Country X possesses an absolute advantage in both industries but whereas X is only 50% more efficient in the citrus fruit production, it is six times more efficient in beef production.  Even so, if country Y produces an extra unit of citrus fruit it need give up only half a unit of beef.  In contrast, country X must give up two units of beef to increase production of citrus fruits by one unit.   It is evident from this example that although a country may have absolute advantage in the production of all products, it is possible for a country such as Y to produce some products relatively cheaply at lower opportunity cost than its trading partner X.  When this occurs as in the simple example above then economists describe X as possessing a comparative advantage in the production of citrus fruit.

If each country specializes completely in the activity in which it possesses a comparative advantage, the production totals are:

Units of Citrus fruits                       Units of Beef

Country X                                  0          120         

Country Y                                  40          0

World  total                                      40         120

What is evident from these last calculations is that although the overall production of beef has increased, the output of citrus fruit has fallen by ten units.  Thus we cannot be sure without some knowledge of demand and the value placed on the consumption of citrus fruit and beef that a welfare system gain will result from specialization.


Trade stimulates competition.  If foreign goods are coming into a country, this puts home producers on their toes and will force them to become more efficient.

Introduction of new ideas

International trade can introduce new ideas into a participating country; it can stimulate entrepreneurship and generate social change.  This is especially the case in developing countries where the development of expert industries can lead to the emergence of a commercial class desirous of change and opposed to any practice that hold back economic advancement.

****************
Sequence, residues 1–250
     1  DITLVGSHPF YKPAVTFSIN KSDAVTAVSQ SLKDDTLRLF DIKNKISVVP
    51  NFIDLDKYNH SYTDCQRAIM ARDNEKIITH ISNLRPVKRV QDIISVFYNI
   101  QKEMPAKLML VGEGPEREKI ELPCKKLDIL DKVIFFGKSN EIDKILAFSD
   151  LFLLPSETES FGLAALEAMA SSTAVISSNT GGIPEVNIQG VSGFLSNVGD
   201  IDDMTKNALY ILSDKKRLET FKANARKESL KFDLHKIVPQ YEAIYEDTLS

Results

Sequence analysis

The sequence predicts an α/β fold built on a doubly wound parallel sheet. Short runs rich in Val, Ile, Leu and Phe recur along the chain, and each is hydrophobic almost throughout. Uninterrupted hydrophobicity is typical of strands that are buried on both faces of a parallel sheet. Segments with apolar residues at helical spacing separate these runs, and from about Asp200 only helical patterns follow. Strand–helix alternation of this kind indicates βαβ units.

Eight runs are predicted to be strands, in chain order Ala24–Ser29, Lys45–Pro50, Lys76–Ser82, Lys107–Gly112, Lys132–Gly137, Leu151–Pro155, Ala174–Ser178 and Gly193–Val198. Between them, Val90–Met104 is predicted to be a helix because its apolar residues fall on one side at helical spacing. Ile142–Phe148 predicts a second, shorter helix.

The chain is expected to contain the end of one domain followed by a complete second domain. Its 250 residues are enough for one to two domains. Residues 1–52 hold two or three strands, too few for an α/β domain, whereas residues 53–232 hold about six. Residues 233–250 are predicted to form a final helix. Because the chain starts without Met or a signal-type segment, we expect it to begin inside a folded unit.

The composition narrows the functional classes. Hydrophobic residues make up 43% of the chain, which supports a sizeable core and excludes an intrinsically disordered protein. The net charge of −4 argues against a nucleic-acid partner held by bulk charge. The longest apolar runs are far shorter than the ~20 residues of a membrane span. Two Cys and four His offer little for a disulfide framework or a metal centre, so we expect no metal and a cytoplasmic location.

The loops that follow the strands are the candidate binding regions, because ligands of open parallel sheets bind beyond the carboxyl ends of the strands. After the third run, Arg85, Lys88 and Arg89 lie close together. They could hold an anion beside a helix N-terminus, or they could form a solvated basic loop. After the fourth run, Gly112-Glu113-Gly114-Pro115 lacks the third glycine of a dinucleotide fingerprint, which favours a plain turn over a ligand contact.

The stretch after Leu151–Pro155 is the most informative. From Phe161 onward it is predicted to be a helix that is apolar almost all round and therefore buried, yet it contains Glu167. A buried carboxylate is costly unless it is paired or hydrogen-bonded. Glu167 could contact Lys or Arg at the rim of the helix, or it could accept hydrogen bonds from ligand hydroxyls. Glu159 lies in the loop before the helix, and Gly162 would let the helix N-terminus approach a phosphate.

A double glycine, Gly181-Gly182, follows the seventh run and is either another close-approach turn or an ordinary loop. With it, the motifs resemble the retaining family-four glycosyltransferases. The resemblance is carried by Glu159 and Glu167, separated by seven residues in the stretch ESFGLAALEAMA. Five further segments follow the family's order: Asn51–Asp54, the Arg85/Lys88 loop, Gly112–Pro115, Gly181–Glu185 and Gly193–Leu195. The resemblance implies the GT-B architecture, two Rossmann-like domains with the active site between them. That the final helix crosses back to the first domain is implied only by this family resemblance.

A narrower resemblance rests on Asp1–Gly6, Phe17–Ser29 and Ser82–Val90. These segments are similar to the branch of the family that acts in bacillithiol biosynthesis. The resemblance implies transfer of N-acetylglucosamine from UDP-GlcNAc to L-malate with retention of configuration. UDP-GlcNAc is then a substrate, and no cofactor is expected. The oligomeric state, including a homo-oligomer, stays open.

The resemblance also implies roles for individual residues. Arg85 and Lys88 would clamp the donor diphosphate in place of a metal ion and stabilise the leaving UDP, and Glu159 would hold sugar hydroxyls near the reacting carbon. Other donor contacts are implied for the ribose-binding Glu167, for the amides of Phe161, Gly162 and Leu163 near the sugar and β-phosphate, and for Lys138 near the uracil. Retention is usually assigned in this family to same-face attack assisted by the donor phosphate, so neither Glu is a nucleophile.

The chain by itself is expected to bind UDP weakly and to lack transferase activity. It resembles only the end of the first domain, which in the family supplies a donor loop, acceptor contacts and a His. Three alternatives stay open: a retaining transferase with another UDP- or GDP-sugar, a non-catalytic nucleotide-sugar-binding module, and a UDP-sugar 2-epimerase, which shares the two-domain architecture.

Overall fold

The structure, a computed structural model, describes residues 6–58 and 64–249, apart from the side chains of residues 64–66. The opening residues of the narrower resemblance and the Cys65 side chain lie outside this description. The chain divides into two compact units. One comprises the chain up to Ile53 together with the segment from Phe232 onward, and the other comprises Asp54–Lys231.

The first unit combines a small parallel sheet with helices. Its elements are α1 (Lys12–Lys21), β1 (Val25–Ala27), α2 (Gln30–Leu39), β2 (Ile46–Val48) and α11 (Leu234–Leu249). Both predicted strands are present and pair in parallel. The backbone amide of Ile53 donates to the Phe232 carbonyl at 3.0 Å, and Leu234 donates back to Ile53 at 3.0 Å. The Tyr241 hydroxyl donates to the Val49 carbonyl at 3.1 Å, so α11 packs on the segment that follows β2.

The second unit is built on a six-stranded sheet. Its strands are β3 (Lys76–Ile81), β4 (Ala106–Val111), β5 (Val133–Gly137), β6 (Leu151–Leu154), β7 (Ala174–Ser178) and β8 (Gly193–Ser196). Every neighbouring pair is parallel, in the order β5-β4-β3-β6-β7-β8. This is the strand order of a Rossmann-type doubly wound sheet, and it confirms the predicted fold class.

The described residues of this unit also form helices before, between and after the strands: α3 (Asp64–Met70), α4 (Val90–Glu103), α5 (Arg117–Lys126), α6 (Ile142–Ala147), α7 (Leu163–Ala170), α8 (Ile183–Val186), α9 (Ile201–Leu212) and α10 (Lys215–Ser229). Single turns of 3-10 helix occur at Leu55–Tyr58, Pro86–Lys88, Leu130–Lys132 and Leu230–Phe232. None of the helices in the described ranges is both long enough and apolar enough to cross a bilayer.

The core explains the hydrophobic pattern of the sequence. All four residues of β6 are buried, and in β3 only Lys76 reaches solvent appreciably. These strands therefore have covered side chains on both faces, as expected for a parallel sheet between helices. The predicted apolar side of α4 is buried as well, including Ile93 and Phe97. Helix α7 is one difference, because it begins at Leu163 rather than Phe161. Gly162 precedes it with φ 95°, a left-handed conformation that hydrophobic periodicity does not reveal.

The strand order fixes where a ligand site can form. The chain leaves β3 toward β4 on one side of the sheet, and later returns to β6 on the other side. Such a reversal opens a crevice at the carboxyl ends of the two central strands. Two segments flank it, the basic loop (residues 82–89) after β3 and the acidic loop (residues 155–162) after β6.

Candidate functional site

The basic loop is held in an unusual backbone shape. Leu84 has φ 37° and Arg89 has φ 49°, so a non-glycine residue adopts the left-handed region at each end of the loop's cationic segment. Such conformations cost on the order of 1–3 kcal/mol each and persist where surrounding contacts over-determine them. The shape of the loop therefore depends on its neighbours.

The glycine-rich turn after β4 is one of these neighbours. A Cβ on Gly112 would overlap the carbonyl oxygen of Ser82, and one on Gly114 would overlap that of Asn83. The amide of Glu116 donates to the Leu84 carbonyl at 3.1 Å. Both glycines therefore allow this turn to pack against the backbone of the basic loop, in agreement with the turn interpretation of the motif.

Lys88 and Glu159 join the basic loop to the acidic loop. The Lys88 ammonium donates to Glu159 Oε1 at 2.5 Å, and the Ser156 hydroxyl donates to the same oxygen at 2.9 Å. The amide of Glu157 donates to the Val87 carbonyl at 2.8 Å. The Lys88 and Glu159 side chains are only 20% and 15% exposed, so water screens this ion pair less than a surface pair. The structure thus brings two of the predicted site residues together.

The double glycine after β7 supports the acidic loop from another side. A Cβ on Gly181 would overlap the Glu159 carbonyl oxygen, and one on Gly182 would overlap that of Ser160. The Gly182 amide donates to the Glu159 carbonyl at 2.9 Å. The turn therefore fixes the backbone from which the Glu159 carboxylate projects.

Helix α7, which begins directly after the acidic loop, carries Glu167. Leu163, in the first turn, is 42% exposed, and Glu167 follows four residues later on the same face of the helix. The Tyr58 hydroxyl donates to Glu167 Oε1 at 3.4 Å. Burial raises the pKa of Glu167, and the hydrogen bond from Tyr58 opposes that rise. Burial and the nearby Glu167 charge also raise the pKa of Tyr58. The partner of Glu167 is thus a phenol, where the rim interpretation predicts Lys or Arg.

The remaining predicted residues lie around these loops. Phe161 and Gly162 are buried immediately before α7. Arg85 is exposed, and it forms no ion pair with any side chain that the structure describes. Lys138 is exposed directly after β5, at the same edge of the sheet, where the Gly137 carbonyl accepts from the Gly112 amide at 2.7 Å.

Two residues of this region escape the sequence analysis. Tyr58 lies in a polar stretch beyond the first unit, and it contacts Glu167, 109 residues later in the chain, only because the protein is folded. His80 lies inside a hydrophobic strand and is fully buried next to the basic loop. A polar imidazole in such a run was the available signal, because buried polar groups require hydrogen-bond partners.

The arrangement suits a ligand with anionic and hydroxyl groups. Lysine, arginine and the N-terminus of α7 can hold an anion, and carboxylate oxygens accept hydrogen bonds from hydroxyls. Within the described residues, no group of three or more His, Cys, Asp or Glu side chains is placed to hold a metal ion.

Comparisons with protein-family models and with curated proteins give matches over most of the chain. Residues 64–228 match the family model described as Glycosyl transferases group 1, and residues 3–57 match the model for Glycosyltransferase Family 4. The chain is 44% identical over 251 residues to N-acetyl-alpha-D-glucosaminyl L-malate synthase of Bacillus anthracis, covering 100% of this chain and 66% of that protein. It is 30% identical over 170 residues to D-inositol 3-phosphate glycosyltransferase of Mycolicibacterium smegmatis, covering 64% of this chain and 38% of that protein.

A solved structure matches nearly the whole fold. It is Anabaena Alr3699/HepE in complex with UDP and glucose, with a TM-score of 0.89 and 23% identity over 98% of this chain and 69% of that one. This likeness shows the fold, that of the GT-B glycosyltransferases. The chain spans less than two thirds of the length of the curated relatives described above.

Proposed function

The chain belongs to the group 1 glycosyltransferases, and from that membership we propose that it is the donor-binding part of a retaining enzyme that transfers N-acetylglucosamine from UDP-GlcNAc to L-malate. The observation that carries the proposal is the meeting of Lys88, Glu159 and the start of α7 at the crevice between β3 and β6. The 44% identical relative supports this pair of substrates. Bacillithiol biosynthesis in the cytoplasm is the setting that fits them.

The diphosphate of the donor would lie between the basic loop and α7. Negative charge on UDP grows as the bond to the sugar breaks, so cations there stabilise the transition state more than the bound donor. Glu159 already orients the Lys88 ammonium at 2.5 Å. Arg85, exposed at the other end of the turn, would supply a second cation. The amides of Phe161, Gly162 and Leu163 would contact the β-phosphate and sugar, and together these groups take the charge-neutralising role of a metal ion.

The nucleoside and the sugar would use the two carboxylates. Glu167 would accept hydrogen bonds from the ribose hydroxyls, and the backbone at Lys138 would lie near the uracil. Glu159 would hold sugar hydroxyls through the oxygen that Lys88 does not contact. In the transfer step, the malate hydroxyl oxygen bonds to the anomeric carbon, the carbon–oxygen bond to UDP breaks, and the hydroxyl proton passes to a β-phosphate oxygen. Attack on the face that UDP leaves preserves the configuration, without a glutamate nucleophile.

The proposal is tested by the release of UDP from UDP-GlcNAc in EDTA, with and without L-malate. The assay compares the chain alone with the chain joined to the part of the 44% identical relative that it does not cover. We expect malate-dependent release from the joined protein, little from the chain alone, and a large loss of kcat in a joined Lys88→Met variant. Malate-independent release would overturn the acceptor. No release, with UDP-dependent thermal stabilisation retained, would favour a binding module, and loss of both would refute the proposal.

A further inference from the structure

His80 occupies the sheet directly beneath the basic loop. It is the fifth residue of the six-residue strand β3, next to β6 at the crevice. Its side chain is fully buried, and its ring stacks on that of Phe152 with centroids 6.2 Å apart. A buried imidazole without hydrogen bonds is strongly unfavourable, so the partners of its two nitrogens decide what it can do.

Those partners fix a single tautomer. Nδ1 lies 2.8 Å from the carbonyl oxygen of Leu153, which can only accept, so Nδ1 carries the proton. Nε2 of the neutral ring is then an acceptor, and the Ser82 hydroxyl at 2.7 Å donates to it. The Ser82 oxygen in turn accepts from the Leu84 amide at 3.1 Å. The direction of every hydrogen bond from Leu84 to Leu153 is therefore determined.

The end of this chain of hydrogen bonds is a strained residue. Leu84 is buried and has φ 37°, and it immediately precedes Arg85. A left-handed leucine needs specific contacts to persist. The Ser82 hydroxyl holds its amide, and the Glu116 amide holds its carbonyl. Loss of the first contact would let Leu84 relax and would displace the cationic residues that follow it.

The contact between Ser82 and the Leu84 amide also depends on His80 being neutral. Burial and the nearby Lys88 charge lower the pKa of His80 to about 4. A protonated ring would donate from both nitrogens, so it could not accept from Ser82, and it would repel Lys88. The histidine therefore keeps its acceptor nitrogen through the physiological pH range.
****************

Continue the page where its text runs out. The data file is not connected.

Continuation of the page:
Technological advances can also be introduced into a country as companies start to base their production in overseas countries.

Widening of choice to the consumer

It is undoubtedly a great benefit to be able to buy a wide range of goods that would not otherwise be available.  International trade offers to the consumer a wider choice.  This greater availability of goods may indeed prove to be of economic advantage.  For in a country, producers may only be prepared to take risks and invest their time and money in a business if they can spend the resultant income on consumer goods.  These may be imported, especially if the country lacks consumer goods industries - as in may developing countries.  Thus, these imports of consumer goods provide the incentive for productive effort within the country.

Creation and maintenance of employment

Once a pattern of international trade has developed, and countries specialize in the production of certain goods for export, it follows not only has that trade created employment in those sectors, but that the maintenance of that trade is necessary to preserve that employment.  In the modern world with its high degree of interdependence, a vast number of jobs depend upon international trade.

Restrictions on International Trade

Despite the arguments of the "classical" theory of free trade, the twentieth century has seen the gradual movement away from free trade, with governments increasingly imposing restrictions on trade and capital flows.  All have adopted, to varying extents, various forms of restrictions to protect some of their industries or agriculture.

Posted Date: 11/30/2012 4:55:42 AM | Location : United States